Many businesses will invest time and effort into defining their brand values – but will give somewhat less attention to shaping their organisational culture.
Is this true for you?
If you’re not nurturing a culture that promotes positive behaviours, habits and ideas in your team, your business is unlikely to be performing at its full potential.
Culture happens organically, but a healthy culture needs cultivating. I sometimes liken it to gardening. Positive aspects need to be tended and fed nutrients, so they grow and flourish, while negative aspects need weeding out before they have an opportunity to take root.
Part of developing a healthy culture in your organisation means identifying those great things that people are already doing in your business – whether intuitively or by ‘accident’, and adopting them across your business.
Although cultural health can’t be measured, it can certainly be felt, and it’s something I can usually pick up on very quickly on visiting a client’s premises. Key signals include the general atmosphere, whether I’m greeted with suspicion or welcomed, the way people communicate and interact with each other and whether they’re happy to speak openly in the office or prefer to meet behind closed doors.
Over many years of being called in to advise on issues that – superficially at least – appear to stem from an individual employee – but ultimately transpire to be deeper rooted, I’ve noticed common factors that give insight into an organisation’s cultural wellbeing.
Based on my experience, here are four questions which will help you to determine if your culture is in good shape, or in need of attention:
How Does Recognition Happen & Who Gives It?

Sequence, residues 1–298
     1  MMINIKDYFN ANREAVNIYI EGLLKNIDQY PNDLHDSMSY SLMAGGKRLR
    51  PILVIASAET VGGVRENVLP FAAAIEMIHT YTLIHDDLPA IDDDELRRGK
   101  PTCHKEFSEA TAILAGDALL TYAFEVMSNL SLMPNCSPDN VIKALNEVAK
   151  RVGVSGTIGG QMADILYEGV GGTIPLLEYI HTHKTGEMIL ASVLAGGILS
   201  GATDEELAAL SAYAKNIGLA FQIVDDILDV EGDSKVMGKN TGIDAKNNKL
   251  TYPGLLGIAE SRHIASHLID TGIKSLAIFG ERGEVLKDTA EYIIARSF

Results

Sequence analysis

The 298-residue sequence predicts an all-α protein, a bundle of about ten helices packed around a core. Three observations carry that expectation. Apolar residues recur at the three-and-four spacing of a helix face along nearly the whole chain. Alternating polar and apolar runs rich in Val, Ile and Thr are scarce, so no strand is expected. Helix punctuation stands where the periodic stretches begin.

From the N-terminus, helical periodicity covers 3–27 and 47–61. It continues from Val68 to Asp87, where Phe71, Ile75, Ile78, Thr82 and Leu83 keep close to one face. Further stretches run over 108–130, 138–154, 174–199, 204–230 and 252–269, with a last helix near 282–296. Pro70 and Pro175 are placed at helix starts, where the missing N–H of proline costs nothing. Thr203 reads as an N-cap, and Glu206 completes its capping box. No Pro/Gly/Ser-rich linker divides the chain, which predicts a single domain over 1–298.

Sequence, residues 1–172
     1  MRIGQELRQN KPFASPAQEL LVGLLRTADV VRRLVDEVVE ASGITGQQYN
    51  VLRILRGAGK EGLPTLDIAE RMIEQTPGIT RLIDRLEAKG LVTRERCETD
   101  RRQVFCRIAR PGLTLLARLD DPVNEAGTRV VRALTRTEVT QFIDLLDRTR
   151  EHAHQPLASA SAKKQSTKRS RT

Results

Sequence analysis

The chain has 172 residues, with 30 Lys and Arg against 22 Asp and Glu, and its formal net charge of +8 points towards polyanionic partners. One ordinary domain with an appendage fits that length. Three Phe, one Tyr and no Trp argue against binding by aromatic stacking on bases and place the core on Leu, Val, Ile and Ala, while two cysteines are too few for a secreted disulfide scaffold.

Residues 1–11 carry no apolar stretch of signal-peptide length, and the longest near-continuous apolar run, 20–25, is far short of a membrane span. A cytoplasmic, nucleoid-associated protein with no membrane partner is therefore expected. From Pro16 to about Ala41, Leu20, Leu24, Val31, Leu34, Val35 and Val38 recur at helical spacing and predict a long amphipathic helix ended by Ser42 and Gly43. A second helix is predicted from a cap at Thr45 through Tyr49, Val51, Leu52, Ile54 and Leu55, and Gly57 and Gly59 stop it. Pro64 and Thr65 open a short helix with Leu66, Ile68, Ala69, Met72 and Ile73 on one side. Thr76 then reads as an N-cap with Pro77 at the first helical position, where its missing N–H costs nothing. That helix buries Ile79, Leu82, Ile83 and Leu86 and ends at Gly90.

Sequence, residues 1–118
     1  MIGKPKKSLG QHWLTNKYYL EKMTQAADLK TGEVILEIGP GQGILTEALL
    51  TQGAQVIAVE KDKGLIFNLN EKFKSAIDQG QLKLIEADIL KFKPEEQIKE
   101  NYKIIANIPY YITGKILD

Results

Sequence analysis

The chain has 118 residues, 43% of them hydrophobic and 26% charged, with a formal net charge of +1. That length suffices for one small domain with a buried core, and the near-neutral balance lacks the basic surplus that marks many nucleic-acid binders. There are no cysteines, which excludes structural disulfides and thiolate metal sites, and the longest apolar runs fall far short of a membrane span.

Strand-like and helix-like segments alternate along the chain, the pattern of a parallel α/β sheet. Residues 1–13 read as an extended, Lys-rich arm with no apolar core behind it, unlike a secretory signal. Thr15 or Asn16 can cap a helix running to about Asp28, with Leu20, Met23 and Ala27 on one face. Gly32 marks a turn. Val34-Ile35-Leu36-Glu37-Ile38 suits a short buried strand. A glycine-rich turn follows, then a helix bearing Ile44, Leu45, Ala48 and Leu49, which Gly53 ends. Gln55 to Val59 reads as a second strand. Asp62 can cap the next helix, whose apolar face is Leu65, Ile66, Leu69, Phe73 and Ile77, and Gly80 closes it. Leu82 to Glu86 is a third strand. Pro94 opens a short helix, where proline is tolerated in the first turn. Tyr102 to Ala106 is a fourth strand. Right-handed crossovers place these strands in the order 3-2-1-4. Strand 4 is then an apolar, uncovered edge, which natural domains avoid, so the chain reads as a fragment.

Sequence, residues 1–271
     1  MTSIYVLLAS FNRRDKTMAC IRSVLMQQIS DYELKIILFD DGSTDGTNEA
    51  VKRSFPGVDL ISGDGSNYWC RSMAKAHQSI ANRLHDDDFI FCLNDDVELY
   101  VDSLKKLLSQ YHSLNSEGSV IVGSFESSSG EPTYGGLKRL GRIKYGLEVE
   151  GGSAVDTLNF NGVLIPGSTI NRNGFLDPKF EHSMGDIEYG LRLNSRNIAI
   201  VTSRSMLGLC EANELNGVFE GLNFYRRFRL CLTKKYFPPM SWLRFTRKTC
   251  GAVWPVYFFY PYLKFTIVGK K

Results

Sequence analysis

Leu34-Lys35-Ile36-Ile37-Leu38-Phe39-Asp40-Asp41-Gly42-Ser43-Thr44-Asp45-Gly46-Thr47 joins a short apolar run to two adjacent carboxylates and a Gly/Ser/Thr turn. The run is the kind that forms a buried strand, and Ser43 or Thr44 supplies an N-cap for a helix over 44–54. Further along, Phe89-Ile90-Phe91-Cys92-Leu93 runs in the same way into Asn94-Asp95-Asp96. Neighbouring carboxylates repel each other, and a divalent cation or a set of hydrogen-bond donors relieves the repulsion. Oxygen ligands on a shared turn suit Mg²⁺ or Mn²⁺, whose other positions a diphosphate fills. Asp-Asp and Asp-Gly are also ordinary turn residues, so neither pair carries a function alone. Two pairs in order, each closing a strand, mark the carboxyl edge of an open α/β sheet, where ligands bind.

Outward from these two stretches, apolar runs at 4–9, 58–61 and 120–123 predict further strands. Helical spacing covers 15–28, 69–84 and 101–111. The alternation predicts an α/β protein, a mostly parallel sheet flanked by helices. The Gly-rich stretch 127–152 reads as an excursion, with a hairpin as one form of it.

Do you have a culture where people feel the need to ask for recognition from their manager? Or where they’re continually drawing attention to their efforts and productivity compared to that of their colleagues? Both can be indicators of an unhealthy organisational culture.
In the workplace, we all need to feel our contribution is valued. But in a healthy culture, where recognition happens naturally, the way employees are treated and spoken to will let them know that they’re doing their job well and are appreciated. This is as much about people being complimentary about each other as is it is about managers taking time to say thank you and give praise.
How Are People Judged?
In some organisations, the amount of time an individual spends working over and above their contracted hours is seen as a measure of their commitment and loyalty to the business. Early morning starts or late-night finishes – maybe even both, are taken as proof that they’re working as hard and effectively as they can.
But an environment like this is almost certain to be masking cultural problems in an organisation. There’s only one way to measure performance, and that’s by results.
A ‘presence’ culture takes no account of the fact that every organisation is made up of individuals who work differently and have unique responsibilities outside of work. Someone staying late in a healthy results-based culture won’t automatically be judged to be working hard, or working inefficiently. In this kind of culture, management will instead ask themselves what caused the employee to need to work the extra hours, what difference did they make, who benefited – and does it point to a problem somewhere else in the system?